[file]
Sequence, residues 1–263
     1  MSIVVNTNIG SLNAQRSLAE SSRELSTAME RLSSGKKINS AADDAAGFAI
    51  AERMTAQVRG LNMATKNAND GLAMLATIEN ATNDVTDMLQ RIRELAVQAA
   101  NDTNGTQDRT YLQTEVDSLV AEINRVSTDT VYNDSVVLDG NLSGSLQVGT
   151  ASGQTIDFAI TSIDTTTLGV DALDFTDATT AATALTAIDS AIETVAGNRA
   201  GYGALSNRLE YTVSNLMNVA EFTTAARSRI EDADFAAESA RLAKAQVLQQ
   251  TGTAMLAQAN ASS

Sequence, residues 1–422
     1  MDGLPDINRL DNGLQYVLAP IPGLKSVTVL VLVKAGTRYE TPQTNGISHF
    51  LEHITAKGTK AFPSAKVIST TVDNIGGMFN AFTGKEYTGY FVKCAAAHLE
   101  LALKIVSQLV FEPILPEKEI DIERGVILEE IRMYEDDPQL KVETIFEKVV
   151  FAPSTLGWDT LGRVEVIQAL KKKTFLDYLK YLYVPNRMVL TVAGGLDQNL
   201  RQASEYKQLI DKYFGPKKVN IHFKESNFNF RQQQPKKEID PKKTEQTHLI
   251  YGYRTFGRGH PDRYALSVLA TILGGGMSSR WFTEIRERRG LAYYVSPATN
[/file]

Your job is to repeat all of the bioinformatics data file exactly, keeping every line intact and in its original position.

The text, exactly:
Sequence, residues 1–263
     1  MSIVVNTNIG SLNAQRSLAE SSRELSTAME RLSSGKKINS AADDAAGFAI
    51  AERMTAQVRG LNMATKNAND GLAMLATIEN ATNDVTDMLQ RIRELAVQAA
   101  NDTNGTQDRT YLQTEVDSLV AEINRVSTDT VYNDSVVLDG NLSGSLQVGT
   151  ASGQTIDFAI TSIDTTTLGV DALDFTDATT AATALTAIDS AIETVAGNRA
   201  GYGALSNRLE YTVSNLMNVA EFTTAARSRI EDADFAAESA RLAKAQVLQQ
   251  TGTAMLAQAN ASS

Sequence, residues 1–422
     1  MDGLPDINRL DNGLQYVLAP IPGLKSVTVL VLVKAGTRYE TPQTNGISHF
    51  LEHITAKGTK AFPSAKVIST TVDNIGGMFN AFTGKEYTGY FVKCAAAHLE
   101  LALKIVSQLV FEPILPEKEI DIERGVILEE IRMYEDDPQL KVETIFEKVV
   151  FAPSTLGWDT LGRVEVIQAL KKKTFLDYLK YLYVPNRMVL TVAGGLDQNL
   201  RQASEYKQLI DKYFGPKKVN IHFKESNFNF RQQQPKKEID PKKTEQTHLI
   251  YGYRTFGRGH PDRYALSVLA TILGGGMSSR WFTEIRERRG LAYYVSPATN